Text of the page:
The Freemasons are worried. They must be, because they’ve just made the very bold gesture of taking out adverts in several national newspapers to tell everyone that they really are nice and should be trusted. They’re going to work on their reputation.
What they say may very well be true. It’s easy to buy into conspiracies of Freemasons doing each other favours and working in the shadows, because conspiracies are entertaining. But the truth is normally far more mundane. There’s no doubting that Freemasons raise a lot of money for charity and are probably members of a basically benign club.
There remain questions though… People don’t like secrets they’re not let in on. They distrust the idea of handshake they wouldn’t recognise! Also, the mainly male nature of Freemasonry (the lodges are men only, though there are some ladies only lodges) raises an eyebrow in this day and age. It doesn’t help when other male-dominated events and institutions are implicated in inappropriate activities. Everyone gets tarred with the same brush.
This explains why they may currently feel the need to fight back. The question is whether an advert protesting their virtues is the way to do it?
In some senses it might be. They’ve made headlines simply by doing it, so the impact is far wider than the act of placing the ads.
Getting off on the wrong foot
However – and it’s a big however – the tone of the letter in the advert could be described in a few, rather negative ways. Perhaps ‘petulant’. Maybe ‘aggressive’. Potentially even a bit threatening. When it points out that it believes members are “undeservedly stigmatised” it goes on to say: “No other organisation would stand for this and nor shall we.”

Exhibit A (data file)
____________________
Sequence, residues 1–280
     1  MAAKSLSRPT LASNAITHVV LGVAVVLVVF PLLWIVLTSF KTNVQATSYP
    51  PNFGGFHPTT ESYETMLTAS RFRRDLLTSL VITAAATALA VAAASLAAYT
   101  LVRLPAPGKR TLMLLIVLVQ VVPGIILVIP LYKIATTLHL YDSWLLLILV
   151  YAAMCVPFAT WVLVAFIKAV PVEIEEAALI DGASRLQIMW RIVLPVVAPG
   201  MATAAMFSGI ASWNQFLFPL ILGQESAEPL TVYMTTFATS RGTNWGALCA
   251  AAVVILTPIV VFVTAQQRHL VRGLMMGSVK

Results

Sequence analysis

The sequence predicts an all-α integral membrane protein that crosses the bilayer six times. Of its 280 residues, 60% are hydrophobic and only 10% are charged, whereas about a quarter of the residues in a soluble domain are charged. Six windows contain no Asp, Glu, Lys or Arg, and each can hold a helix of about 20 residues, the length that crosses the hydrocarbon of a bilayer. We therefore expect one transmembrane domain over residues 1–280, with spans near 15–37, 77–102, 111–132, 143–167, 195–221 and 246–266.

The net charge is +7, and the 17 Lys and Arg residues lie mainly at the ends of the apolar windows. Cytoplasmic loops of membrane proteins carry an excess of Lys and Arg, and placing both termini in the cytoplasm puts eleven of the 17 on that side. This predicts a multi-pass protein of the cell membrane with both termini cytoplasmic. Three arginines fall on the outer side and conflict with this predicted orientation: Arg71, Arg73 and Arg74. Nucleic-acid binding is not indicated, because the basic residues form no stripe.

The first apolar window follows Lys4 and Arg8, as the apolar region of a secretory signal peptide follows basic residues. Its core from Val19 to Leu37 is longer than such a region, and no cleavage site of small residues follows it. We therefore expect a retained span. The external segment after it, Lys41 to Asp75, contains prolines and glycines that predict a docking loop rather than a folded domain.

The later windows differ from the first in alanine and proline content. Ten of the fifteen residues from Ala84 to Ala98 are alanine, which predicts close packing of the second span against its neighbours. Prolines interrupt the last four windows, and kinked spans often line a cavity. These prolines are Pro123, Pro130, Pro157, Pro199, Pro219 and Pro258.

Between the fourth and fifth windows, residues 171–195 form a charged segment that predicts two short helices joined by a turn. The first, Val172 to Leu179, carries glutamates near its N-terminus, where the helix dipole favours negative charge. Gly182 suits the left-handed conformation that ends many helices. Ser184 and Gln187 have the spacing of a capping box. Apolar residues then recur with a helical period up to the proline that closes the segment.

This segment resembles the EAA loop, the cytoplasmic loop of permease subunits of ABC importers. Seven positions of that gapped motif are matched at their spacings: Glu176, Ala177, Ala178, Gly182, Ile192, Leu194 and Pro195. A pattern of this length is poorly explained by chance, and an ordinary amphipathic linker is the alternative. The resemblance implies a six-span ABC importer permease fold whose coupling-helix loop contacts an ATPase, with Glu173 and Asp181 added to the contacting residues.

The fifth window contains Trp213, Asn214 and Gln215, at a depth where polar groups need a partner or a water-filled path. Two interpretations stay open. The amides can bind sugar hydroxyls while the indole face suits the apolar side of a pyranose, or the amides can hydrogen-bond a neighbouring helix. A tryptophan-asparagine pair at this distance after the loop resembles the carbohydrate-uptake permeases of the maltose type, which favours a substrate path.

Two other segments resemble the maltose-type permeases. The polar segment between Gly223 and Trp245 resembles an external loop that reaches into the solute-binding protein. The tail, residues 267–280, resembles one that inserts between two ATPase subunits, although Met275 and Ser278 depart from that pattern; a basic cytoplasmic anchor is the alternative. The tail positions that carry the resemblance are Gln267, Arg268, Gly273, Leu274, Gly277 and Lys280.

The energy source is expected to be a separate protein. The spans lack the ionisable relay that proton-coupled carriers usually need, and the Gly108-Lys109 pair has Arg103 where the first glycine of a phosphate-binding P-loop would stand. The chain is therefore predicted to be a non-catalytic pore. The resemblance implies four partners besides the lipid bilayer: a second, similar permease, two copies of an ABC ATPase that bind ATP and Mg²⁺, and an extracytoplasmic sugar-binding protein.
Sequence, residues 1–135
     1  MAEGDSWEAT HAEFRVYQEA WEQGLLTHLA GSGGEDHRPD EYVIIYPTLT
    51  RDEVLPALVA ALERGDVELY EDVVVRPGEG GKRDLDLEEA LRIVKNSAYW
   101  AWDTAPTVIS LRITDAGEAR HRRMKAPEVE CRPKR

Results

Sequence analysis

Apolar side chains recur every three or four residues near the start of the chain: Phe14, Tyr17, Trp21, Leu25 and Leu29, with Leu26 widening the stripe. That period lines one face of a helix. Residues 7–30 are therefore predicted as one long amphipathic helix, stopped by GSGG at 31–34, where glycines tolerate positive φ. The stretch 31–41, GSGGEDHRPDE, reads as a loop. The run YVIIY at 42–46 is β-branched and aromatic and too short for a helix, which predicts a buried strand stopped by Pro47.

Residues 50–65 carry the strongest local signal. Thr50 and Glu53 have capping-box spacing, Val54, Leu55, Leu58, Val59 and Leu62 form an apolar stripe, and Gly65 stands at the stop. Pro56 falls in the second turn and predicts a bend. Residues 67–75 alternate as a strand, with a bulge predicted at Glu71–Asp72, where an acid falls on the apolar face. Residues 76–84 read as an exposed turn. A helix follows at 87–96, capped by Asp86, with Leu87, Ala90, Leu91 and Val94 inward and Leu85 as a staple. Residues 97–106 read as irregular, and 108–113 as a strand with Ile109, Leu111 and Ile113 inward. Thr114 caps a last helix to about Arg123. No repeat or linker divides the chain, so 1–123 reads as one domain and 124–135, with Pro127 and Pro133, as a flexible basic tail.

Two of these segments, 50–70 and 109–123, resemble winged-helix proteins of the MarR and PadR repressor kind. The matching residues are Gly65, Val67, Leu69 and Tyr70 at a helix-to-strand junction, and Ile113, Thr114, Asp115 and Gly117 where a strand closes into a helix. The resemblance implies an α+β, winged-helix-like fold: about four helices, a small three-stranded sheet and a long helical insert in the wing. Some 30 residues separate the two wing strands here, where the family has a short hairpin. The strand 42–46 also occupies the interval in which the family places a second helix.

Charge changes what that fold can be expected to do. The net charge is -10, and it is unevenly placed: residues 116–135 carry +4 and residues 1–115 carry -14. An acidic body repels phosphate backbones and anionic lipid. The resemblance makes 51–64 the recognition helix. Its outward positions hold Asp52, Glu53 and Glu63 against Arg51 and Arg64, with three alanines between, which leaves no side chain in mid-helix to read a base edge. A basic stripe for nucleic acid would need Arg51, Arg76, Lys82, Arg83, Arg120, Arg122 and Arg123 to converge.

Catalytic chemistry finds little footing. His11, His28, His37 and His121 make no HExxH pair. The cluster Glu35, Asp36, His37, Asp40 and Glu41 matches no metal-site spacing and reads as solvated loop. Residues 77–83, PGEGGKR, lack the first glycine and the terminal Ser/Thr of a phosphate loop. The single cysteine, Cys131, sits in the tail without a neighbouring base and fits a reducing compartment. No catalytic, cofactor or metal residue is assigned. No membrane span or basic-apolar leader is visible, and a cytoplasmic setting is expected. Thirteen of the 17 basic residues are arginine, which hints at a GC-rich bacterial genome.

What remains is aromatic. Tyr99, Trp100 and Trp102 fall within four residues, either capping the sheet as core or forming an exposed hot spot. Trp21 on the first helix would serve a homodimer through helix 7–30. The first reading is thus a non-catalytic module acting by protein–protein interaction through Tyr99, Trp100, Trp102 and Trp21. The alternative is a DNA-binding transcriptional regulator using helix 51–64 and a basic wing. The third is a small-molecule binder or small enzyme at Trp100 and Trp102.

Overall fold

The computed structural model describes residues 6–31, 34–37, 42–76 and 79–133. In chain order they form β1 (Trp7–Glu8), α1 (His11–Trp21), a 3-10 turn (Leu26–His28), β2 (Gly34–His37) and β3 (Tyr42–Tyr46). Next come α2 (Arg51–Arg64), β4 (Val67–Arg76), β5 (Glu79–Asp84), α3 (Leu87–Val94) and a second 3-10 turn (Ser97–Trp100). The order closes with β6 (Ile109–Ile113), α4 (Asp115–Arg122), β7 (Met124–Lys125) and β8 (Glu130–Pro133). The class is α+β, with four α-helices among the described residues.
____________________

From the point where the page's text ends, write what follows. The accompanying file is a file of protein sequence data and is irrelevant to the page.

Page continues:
That suggests that if they don’t intend to stand for it, they’re going to do something about it – and that sounds quite unfriendly.
This (as the whole point of this piece) is a beautiful example of where positive, considered, planned and ethical PR should be used to go about managing reputation. The letter does go on to say that there will be a programme of open activities and events up and down the country. The trouble is, instead of using those to softly and gradually change people’s minds about them, they’ve now set out a rather bullish stance. That is more likely than not to put people off from engaging.
They’ve fundamentally damaged their plan even as they set about it.
You can’t change minds by demanding that people think differently, you have to convince them. That takes time, honesty and persistence. It doesn’t happen through one event or one open letter in an advert. It comes from doing the right thing and ensuring people are aware of it, allowing their perceptions to move over time to where you want them to be.